Short- and long-term outcomes of ileal pouch-anal anastomosis for ulcerative colitis

Magaly Gemio Teixeira, Adauto C Abreu da Ponte, Manuela Sousa, Maristela G de Almeida, Edésio Silva Filho, João Elias Calache, Angelita Habr-Gama, Desidério R Kiss
Revista do Hospital Das Clínicas 2003, 58 (4): 193-8

UNLABELLED: Ileal pouch-anal anastomosis was an important advancement in the treatment of ulcerative colitis. The aim of this study was to determine whether early complications of ileal pouch-anal anastomosis in patients with ulcerative colitis are associated with poor late functional results.

PATIENTS AND METHODS: Eighty patients were operated on from 1986 to 2000, 62 patients with ileostomy and 18 without. The early and late complications were recorded. Specific emphasis has been placed on the incidence of pouchitis with prolonged follow-up.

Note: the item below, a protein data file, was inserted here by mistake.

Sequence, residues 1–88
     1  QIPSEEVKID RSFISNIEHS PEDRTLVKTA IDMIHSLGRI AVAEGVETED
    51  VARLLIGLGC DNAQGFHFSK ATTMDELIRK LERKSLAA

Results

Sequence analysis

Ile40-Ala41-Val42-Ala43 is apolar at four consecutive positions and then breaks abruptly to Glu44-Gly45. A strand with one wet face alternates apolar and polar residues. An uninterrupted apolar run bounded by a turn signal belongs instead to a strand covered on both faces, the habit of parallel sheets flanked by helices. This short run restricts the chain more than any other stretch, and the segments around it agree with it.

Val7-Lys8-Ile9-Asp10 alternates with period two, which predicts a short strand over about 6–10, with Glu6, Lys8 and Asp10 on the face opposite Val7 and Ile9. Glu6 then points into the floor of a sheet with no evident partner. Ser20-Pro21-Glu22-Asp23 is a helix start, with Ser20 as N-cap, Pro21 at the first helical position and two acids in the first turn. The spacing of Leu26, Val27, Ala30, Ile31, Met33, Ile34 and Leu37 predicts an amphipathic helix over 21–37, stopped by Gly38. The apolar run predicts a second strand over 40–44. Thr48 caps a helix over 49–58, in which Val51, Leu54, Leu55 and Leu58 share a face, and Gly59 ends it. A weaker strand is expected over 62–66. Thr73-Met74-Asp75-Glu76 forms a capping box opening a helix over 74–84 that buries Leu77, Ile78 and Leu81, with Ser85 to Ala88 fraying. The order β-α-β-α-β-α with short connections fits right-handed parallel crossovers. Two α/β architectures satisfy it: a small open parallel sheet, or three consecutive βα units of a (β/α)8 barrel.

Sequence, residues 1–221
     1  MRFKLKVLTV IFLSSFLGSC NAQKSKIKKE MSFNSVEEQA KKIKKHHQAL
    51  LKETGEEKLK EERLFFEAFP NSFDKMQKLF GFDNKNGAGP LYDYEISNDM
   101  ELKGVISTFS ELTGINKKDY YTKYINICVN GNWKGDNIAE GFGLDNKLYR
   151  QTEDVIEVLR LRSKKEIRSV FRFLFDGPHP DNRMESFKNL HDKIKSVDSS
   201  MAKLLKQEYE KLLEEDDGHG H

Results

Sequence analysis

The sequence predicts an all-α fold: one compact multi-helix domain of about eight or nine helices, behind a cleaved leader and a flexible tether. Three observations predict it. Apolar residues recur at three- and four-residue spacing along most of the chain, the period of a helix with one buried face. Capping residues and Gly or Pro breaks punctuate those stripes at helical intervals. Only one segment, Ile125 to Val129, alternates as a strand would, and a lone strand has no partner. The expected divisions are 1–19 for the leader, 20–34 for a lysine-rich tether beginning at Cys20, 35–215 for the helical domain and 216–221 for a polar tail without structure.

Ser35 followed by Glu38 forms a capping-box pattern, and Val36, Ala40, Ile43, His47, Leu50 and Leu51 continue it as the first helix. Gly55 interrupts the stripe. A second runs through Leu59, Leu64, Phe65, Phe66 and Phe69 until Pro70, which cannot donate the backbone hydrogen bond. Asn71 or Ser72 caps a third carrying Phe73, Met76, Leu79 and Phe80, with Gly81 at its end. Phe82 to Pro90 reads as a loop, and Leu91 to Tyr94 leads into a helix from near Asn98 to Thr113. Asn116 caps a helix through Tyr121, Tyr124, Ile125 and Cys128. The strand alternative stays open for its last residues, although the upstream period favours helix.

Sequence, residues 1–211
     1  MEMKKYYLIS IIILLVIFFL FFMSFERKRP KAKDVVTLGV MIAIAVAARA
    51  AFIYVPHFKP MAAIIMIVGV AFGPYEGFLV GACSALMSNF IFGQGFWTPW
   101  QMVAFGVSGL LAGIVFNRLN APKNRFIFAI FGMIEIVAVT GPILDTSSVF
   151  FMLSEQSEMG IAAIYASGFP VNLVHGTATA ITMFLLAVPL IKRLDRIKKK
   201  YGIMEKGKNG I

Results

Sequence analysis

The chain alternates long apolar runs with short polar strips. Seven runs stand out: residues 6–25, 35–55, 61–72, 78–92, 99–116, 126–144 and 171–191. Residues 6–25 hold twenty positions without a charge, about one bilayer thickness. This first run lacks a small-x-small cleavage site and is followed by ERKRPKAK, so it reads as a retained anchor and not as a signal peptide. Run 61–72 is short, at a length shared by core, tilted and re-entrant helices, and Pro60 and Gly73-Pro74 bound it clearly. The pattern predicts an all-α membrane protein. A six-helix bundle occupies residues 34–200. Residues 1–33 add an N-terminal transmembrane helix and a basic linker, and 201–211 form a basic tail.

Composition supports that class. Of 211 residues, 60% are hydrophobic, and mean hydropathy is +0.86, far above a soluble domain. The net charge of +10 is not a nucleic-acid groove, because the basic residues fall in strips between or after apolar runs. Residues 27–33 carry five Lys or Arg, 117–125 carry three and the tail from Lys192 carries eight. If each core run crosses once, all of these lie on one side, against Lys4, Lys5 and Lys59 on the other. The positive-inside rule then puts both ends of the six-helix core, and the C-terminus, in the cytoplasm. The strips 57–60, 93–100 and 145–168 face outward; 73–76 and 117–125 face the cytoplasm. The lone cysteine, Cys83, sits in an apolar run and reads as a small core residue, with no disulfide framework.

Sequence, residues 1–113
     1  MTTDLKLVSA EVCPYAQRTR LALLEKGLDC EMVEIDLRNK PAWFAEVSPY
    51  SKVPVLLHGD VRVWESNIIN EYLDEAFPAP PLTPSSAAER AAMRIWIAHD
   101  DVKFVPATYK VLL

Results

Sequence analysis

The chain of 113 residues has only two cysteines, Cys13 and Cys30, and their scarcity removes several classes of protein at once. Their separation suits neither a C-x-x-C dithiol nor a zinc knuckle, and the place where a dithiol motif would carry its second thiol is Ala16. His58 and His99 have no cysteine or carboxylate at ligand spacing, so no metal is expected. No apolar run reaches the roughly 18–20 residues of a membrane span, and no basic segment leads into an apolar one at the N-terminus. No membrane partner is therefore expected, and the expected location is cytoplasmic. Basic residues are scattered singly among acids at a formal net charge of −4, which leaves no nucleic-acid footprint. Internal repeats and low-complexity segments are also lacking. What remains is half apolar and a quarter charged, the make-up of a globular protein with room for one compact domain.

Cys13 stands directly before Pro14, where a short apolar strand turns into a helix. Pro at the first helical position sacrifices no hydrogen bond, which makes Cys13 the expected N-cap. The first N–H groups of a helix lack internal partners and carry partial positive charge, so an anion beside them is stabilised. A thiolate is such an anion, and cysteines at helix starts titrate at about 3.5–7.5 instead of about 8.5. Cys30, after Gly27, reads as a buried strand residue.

RESULTS: The ileostomy was closed an average of 9.2 months after the first operation. Fourteen patients were excluded from the long-term evaluation; 6 patients were lost to regular follow-up, 4 died, and 4 patients still have the ileostomy. Of the 4 patients that died, 1 died from surgical complications. Early complications after operation (41) occurred in 34 patients (42.5%). Late complications (29) occurred in 25 patients as follows: 16 had pouchitis, 3 associated with stenosis and 1 with sexual dysfunction; 5 had stenosis; and there was 1 case each of incisional hernia, ileoanal fistula, hepatic cancer, and endometriosis. Pouchitis occurred in 6 patients (9.8%) 1 year after ileal pouch-anal anastomosis, 9 (14.8%) after 3 years, 13 (21.3%) after 5 years, and 16 (26.2%) after more than 6 years. The mean daily stool frequency was 12 before and 5.8 after operation. One pouch was removed because of fistulas that appeared 2 years later.

CONCLUSIONS: Ileal pouch-anal anastomosis is associated with a considerable number of early complications. There was no correlation between pouchitis and severe disease, operation with or without ileostomy, or early postoperative complications. The incidence of pouchitis was directly proportional to duration of time of follow-up.


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